Helsinki Comics Festival had moved to a new location this year in Suvilahti and despite the bit “out of city centre” place, proved very successful. There were about 11 000 visitors in the spacious halls of Suvilahti. This year’s theme was Latin America, which was present in the guest speakers and exhibitions alike.
But my main interest focused on one pre-event program high point: a presentation with comic artist agent Nicolas Grivel and a Finnish comics promoter Kirsi Kinnunen. Their event took place on 1st September and the afternoon was fully packed with valuable advice for the comic artists aspiring to conquer the whole wide world and beyond.
Nicolas Grivel told about his work as an agent. Grivel has a long experience in both the French and international markets. France is still the Place for the comic artists, as about 4000 titles are being published there annually.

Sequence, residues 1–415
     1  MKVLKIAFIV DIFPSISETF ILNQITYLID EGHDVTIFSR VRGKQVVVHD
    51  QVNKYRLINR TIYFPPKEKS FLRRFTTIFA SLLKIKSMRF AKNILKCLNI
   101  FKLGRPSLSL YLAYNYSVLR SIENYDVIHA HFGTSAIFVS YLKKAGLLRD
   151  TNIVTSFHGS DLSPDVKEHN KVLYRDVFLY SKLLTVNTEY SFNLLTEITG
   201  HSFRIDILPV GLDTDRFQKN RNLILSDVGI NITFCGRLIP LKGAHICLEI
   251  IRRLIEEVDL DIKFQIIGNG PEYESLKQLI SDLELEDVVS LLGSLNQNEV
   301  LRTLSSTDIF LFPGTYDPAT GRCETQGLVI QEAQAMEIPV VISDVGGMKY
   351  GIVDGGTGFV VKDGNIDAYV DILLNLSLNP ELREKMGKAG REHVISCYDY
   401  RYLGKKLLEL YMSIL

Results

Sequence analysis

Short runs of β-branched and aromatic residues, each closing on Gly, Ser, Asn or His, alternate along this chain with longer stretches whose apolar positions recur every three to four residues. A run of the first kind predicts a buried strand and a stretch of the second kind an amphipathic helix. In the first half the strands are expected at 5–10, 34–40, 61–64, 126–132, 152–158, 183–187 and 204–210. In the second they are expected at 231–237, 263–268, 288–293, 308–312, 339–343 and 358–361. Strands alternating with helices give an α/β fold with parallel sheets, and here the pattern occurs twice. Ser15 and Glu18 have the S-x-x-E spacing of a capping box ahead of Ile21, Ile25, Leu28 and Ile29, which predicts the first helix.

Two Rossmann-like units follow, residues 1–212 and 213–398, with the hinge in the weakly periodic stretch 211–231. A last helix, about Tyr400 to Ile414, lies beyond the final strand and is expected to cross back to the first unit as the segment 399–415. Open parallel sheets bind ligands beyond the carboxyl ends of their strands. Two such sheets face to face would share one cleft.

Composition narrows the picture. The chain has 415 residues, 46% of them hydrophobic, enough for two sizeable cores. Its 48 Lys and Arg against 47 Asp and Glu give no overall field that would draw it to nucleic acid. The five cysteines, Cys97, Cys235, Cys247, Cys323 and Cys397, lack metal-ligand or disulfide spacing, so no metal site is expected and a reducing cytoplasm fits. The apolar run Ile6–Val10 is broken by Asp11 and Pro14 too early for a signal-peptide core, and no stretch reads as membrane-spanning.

Japan has a very large home market too, but it is difficult for a translated comic book to enter that market. The format in Japan is very different from what is the norm in Europe or North America. The US market has its challenges too. The number of titles published is incredibly small compared to the potential size of the market. In the US the publishing houses interested in comics can be counted with one hand, while in France there are about 40-50 publishers publishing comics regularly.
Nicolas Grivel urged all Finnish comic artists dreaming about the foreign markets to have a 20-page sample translation made and to go to the publishers with that in hand. He encouraged all not to shy away from Angoulême, as the French publishers are genuinely interested in finding new talents. Another option is of course to work with an agent like Grivel. He is interested in selling foreign rights for comic books that have already been published in Finnish or working with a WIP and finding the first publisher together with the artist. Nicolas Grivel is always on the look-out to find new artists, who perhaps don’t fit into their home markets (he mentioned especially some artists in Russia and China) but would do great in France or US.
Promoting Finnish Comics in France